On Wednesday 28 February 2007 14:26, Dwight Smith wrote:
> My name is Dwight Smith, and I only had a question or two in terms of the
> future useability of FreeBSD. I have used it on and off and found it to be
> a great UNIX operating system for servers, but my only major concern was
> the amount of time it takes to prepare a server such as an Apache Server
> with PHP and MySQL support as opposed to a Linux system which is what I am
> currently using now as well as my company. I guess my question is that will
> the ease of building or installing software for FreeBSD ever streamline to
> where you do not have to do as many steps and text config file entries?

If you don't need any customizations, "pkg_add -r packagename" will 
automatically download and install almost everything available in the ports 
system. It will even get the newest version appropriate for the version of 
FreeBSD you are running.

If you prefer to compile from source or need a non-default setting, going into 
the relevant directory in the ports tree and typing "make install clean" will 
again do everything automatically. In most cases the same command will also 
present you with an easy-to-use menu of options available for the port, if 
any.

Which of those one-line commands strikes you as being less than easy from the 
point of view of a systems administrator, developer, technical end-user or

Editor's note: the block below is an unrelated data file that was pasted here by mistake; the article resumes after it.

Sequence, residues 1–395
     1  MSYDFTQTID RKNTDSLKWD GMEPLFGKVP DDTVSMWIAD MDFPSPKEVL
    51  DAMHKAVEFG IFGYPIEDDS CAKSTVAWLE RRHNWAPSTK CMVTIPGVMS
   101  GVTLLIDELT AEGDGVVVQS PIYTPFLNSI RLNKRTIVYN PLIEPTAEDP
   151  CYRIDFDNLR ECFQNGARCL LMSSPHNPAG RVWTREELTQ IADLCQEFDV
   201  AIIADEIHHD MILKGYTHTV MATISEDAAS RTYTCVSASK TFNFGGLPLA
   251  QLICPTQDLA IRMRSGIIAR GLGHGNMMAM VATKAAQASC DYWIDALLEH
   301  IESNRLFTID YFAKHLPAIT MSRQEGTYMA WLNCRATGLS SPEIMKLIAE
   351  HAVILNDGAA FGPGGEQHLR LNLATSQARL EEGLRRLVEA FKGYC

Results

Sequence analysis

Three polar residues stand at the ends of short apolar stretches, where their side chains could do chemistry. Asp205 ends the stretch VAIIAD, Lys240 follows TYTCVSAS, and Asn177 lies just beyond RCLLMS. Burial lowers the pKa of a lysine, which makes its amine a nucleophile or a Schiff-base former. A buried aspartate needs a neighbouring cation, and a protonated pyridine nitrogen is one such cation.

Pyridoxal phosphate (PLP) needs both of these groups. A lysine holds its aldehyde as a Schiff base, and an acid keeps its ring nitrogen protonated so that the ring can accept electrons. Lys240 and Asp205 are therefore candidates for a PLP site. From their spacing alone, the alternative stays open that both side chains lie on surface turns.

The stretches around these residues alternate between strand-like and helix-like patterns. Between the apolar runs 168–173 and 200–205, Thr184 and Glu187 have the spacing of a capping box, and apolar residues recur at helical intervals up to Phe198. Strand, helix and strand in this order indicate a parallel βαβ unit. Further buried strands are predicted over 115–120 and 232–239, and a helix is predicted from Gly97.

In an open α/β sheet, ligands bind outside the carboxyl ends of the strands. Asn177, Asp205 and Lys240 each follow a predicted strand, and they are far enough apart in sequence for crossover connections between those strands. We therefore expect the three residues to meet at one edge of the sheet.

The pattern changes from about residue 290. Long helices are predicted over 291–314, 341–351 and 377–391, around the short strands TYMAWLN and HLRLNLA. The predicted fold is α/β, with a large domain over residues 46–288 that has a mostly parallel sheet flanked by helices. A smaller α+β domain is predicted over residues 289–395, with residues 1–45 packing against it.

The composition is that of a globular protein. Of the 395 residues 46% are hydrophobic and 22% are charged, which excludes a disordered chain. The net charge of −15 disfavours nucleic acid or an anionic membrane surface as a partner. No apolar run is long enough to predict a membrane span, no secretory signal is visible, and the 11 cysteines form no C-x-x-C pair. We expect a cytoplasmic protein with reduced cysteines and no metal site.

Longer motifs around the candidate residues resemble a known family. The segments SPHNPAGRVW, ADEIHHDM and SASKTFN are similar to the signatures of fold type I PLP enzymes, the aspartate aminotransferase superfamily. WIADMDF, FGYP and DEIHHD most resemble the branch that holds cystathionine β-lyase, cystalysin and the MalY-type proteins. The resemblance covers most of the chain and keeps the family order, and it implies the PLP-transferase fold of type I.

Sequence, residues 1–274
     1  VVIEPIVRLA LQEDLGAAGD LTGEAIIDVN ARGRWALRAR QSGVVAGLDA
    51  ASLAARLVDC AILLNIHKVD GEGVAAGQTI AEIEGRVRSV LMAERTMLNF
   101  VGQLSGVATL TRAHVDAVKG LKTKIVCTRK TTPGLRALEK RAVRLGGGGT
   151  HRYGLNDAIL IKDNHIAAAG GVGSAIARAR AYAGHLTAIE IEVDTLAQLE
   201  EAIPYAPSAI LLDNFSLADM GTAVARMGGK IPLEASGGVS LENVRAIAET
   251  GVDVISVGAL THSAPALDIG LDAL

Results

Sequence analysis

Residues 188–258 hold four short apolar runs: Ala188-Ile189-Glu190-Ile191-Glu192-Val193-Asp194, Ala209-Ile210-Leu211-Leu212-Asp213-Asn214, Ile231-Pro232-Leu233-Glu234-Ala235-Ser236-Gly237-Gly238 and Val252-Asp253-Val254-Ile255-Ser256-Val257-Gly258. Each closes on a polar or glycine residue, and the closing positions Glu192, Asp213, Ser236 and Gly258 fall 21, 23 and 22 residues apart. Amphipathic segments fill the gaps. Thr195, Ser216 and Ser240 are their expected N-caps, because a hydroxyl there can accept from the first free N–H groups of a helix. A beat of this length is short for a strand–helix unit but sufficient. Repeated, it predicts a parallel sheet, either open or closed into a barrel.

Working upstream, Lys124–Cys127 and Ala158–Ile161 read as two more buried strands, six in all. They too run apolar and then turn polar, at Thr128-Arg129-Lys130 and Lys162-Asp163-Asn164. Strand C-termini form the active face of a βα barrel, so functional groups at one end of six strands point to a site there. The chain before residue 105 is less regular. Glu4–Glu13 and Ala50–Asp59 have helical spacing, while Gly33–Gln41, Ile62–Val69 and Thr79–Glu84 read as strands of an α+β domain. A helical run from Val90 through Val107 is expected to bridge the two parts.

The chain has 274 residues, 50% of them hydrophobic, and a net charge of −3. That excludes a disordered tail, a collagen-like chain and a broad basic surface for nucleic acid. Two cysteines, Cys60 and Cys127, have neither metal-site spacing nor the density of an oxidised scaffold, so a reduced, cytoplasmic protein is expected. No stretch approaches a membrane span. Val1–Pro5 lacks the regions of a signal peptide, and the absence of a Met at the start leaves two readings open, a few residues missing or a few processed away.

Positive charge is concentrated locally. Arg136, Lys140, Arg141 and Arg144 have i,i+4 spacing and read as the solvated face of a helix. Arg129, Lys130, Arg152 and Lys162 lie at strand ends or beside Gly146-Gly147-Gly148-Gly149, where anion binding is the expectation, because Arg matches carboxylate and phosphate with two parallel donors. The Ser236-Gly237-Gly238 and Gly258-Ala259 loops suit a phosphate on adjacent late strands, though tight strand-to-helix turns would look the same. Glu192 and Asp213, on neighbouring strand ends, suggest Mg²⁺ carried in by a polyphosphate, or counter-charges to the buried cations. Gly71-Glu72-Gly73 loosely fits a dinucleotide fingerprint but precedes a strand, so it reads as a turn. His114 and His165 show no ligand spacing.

Computer Coordinator?

If you have concerns about a specific piece of software, sending a message to 
this or another appropriate list or directly to the port's maintainer will 
typically yield good information, and if you have ideas for improvements they 
should be well received in the appropriate forum.

> What had me curious to asking this is this article I read about a review on
> FreeBSD 6.2 (http://www.softwareinreview.com/cms/content/view/67/) The
> reviewer had a lot of criticisms that seemed harsh, but at the same time
> raised some valid points. I only ask this question as I would like to see
> FreeBSD get the same recognition as Linux as FreeBSD is a powerful OS that
> should not be overshadowed and I hope it doesn't cause it saved my IT job
> many a times when a server crashes and I have to piece together an old PII
> with 32 MB RAM and install FreeBSD with Samba. So thanks in advance for
> your attention in this and I wish all of you the best.

My initial take on that review is that the reviewer had an earlier bad 
experience with FreeBSD (perhaps as a result of failing to understand that 
5.0 and 5.1 were developer preview releases), tried installing 6.2 once on a 
single system, ran down his pre-existing checklist of complaints to see if 
any of them had magically been fixed (as a result, perhaps, of the FreeBSD 
developer community reading his mind and finding themselves in agreement), 
did little if any troubleshooting of the hardware compatibility issues he 
mentioned (even reporting such occurences is a good way to contribute to a 
volunteer-based project), and wrote the whole thing off as being stagnant.

Some of his points and recommendations might have merit, but many seem to be 
the writer's wishlist for making FreeBSD into something it isn't (some hybrid 
of Gentoo and Fedora, perhaps). That and his general attitude of hopeless 
negativism[1] make it hard to take his review seriously.

Personally, FreeBSD 6.2 is the best OS I have ever used and I find it 
extremely well-suited to my needs and tastes for both server and desktop use. 
The only way to see if that is the case for you is to try it (again). If 
there are shortcomings, be proactive about reporting them. FreeBSD's user 
community is one of its biggest strengths.

JN
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